Changed into a pair of worn blue shorts and a short sleeved shirt, Hackman looks larger than one might expect, lounging on the narrow sofa of his trailer, a shy, expectant smile playing on his face.

Does he get sick and tired of being told what a wonderful actor he is? "No, it's nice to hear that. Thank you...er...are you saying that or just asking the question?" We laugh. "Do you think of yourself as a good actor?"†

"Yes I do...I think of myself as a, well, confident actor. And I do enjoy it when I'm actually doing it, although the business part of the work is not very enjoyable..."
A lot of that is surely done by lawyers and agents, "yeah, but there's still a lot of stress involved. You know, it's a funny process because what you do - if you do a lot of films as I do, two or three a year - you're meeting a whole new group of people every two or three months, and if that doesn't come naturally to you, and it doesn't to me, then it is kinda stressful to have to continually find a way to work.

"there's always that kind of thing...stress."

ďíCause everyone works differently and you may find a new director who wants certain things a certain way; there's always a bit of trepidation about 'Is this guy gonna be a big star on us..' You have to work through that, and the worry that maybe this director is going to ask me to do things I don't want to do; would he trust me? So there's always that kind of thing...stress..."

Hackman enjoys his work no end, largely because it's an outlet. "Well it's not unusual to find an actor that's somewhat introverted...I think probably, you know, you have this painful thing that you go through and you want to find a way to express yourself."†

Expanding on this theme, Hackman admits his characters are a kind of extra voice for him.†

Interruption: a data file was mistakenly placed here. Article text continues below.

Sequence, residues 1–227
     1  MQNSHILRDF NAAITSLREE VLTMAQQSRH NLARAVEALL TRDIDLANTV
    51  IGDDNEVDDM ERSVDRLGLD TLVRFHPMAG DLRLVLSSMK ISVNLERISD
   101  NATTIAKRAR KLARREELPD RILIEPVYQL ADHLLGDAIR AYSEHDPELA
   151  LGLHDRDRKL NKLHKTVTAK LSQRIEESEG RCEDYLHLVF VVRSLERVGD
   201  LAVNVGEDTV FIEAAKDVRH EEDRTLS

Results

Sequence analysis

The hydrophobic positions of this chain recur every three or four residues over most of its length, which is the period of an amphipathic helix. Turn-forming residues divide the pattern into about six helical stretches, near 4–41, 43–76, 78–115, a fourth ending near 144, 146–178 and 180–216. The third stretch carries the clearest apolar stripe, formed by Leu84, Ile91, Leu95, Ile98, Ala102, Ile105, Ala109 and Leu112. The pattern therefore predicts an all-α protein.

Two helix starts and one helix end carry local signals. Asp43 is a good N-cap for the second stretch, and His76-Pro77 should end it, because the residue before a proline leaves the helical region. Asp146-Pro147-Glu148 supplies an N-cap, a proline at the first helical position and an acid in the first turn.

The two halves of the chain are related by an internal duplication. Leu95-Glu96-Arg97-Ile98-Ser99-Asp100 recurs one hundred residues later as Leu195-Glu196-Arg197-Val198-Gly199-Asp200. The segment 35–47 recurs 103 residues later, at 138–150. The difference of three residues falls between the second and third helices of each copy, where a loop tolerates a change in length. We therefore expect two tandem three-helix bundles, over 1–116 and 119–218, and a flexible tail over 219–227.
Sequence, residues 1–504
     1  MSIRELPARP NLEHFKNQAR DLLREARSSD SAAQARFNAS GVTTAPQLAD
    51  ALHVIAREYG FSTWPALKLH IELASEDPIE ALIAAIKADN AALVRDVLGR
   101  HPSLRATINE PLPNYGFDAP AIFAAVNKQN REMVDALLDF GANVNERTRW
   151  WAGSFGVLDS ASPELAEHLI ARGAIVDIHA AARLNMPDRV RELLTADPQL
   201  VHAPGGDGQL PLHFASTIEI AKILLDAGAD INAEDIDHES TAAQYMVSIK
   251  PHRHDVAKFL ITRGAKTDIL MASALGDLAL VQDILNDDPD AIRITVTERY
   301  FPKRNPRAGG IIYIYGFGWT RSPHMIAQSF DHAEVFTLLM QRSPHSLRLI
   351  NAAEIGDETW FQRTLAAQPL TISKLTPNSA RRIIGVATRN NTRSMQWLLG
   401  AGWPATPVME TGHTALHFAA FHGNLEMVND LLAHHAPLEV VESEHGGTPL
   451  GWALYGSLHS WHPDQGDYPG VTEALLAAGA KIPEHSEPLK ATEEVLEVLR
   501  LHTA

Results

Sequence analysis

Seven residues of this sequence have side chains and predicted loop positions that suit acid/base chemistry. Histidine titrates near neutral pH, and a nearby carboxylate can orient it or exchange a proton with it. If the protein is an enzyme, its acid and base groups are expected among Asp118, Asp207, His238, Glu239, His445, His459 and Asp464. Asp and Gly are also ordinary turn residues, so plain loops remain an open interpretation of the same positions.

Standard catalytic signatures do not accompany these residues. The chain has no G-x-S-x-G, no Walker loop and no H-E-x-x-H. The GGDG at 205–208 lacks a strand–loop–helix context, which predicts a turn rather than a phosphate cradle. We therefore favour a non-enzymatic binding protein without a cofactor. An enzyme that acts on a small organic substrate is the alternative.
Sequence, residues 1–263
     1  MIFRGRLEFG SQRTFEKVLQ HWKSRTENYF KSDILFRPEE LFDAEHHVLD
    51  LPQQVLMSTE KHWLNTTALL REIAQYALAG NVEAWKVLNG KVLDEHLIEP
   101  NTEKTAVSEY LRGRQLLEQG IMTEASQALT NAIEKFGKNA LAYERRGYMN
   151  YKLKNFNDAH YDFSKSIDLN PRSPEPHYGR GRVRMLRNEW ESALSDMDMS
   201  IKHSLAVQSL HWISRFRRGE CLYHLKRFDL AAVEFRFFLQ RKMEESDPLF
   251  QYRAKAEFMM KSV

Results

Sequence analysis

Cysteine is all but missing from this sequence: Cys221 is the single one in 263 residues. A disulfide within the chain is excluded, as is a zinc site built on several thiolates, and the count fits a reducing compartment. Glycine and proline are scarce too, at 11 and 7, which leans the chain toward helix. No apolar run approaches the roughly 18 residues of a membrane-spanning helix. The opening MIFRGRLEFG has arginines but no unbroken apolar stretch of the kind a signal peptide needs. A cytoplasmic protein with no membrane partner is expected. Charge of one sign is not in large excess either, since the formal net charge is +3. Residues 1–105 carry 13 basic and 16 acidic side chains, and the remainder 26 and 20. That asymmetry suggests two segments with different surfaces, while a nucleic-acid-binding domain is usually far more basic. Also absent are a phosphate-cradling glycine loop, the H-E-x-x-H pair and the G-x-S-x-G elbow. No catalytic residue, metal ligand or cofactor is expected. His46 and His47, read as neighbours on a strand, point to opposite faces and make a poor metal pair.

"I think so, yes. The voice of things that you would have liked to have been, or like to do, and I think that's the great thing about acting of course, you get to do all these kind of fun things."

Some of it is like a game to him, because he feels that to make an audience enjoy what he does, "you have to have some joy in you".†

Hackman's less obvious talents lie in painting and sketching. On the set, he likes to use charcoal to sketch faces of the cast and crew, and he prefers oils to watercolour when he paints. He doesn't plan any exhibtions, but it is the one thing that opens up his privacy.

When free of work, he spends time with his children. "I'm divorced, but I'm very close to my children; two daughters Ö and my son who lives in Santa Barbara."

Hackman has just turned 74, and has been an actor since he was 30. He started in theatre - the Pasadena Playhouse in California. Legend has it that Hackman and Dustin Hoffman were voted "least likely to succeed". Hackman moved to New York and got his first Broadway job (in Ash Wednesday) in 1964.†

"You can always learn movie technique"

He still believes that the best training for actors is in the theatre. "You can always learn movie technique, it's not that tough." So what started Gene Hackman off; what made him want to be an actor? "I think I was around 10. I was coming out of a movie theatre in my home town of Danville, Illinois and I remember looking at myself in the mirror in the lobby of the theatre after this film, and being stunned that I didn't look like the character who I'd just seen in the film, because I believed so strongly that I was that character - I was really living that film. That was what started the process of me thinking: "Maybe I could do that when I grew up..." I didn't have any real desire to do it then, because I was painfully shy, but I finally got around to it."

Published April 29, 2004

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Gene Hackman ... in WELCOME TO MOOSEPORT